“From the start, all ForwardGro merchandise available for sale in dispensaries and to chips has passed rigorous pesticide testing,” the firm said in its announcement. “Though no ForwardGro goods were found to pose any known danger to individual safety, ForwardGro is offering refunds for the return” of their organization’s”blossom and pre-roll products generated before July 1 which stay from the stocks of cannabis shops. Patients may also receive a refund when their goods are”still in their unopened, original packaging,” the firm said.

The analysis — that included interviews with 17 current and former ForwardGro workers — disclosed “powdery mildew and undesirable insects were issues” in ForwardGro’s centre and the firm employed”certain unauthorized harvest protection agents to take care of clinical cannabis plants,” in accordance with this consent order.

The commission’s researchers discovered that 15 pesticides might have been employed on ForwardGro solutions. Six of the chemical agents were then allowed by the country’s Department of Agriculture but were banned at the time that the business was using them.

The business must eliminate all its cannabis product generated before May 31 and declare it will take any returns and will make concessions within 10 days. The order also needs ForwardGro to attach a note on all its goods produced before July 1 which says they”might have been subjected to particular unauthorized crop protection agents, the health ramifications of that aren’t known.”

The commission also issued a public security statement regarding unauthorized pesticides.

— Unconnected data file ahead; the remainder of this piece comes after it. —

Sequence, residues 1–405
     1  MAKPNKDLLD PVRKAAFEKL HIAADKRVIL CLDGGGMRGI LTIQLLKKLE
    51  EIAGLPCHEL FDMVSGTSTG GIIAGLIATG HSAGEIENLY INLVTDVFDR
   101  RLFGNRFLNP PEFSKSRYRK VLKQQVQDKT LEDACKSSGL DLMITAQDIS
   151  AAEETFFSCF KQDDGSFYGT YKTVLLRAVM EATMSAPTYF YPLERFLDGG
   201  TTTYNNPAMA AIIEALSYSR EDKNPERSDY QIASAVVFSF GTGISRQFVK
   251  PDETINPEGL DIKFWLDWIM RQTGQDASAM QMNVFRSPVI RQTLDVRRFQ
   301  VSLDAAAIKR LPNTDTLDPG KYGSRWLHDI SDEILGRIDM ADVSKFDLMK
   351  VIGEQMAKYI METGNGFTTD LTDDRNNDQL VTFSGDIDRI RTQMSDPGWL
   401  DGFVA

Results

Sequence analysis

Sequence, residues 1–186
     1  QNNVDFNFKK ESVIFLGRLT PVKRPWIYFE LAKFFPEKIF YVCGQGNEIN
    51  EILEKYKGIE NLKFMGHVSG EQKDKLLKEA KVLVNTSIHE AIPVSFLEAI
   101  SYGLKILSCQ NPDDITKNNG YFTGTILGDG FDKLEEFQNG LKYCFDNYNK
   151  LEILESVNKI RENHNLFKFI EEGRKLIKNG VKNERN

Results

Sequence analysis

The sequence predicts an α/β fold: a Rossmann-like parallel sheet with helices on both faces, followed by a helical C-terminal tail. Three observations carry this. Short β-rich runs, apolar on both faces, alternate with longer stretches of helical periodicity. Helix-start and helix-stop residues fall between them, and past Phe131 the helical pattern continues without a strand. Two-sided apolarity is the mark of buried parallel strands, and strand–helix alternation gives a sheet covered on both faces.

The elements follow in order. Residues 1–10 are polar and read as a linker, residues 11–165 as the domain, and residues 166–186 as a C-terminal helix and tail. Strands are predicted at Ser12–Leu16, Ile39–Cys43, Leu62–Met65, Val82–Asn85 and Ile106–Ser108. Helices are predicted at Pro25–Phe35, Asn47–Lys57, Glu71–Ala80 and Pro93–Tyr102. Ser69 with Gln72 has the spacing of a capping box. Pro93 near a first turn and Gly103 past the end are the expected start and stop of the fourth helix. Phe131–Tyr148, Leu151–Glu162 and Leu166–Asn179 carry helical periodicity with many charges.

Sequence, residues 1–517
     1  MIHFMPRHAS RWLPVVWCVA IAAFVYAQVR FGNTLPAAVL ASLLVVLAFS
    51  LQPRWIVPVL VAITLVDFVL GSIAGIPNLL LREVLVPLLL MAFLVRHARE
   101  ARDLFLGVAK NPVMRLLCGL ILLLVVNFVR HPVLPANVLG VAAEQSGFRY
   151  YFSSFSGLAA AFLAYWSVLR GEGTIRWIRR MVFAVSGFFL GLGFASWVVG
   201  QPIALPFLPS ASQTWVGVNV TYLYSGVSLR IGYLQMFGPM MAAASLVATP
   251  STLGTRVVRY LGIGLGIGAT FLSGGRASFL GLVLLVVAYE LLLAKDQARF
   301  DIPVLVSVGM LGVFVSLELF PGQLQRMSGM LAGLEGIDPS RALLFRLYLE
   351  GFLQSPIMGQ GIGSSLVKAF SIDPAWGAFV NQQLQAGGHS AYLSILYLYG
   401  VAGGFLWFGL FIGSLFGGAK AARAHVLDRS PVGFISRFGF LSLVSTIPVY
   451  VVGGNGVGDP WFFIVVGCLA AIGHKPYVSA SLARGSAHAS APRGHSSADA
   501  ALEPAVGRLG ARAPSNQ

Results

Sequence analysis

“The potential health effect of consuming cannabis products containing unapproved pesticide residues is unknown,” according to the announcement. “Short- and – long-term health effects caused by inhalation exposure to these contaminants may exist based upon the length, frequency, amount of exposure, route of exposure, and health state of the consumer. Consumers should contact their doctor or registered supplier with related queries and concerns”

Also Read: MJardin Group declares Medical Cannabis Research Investment in Spain

The organization’s announcement said it is dedicated to its”integrated pest control program, which comprises beneficial insects to keep control of damaging insects” and also to”using just those crop protection agents approved for use in Maryland.” ForwardGro is posting online all its certifications of an investigation made by independent testing labs.

Investigators found that at August 2017 many cannabis plants in ForwardGro’s centre were shot out of its secured place. “At that time there were not any security steps to prevent unauthorized access to such crops” as required by regulations, according to the arrangement’s findings of fact. The organization”neglected” to track the relocated plants from movie as required.

ForwardGro will now be subject to stricter and regular reviews throughout its probationary period and isn’t permitted to acquire any new licenses in the state. It has to implement new safety, worker security and pesticide spraying processes.

Along with compelling McCarthy to divest from the business, the commission has demanded ForwardGro to employ a new head grower that has to be pre-approved from the commission and also to enlarge the part of the organization’s compliance officer.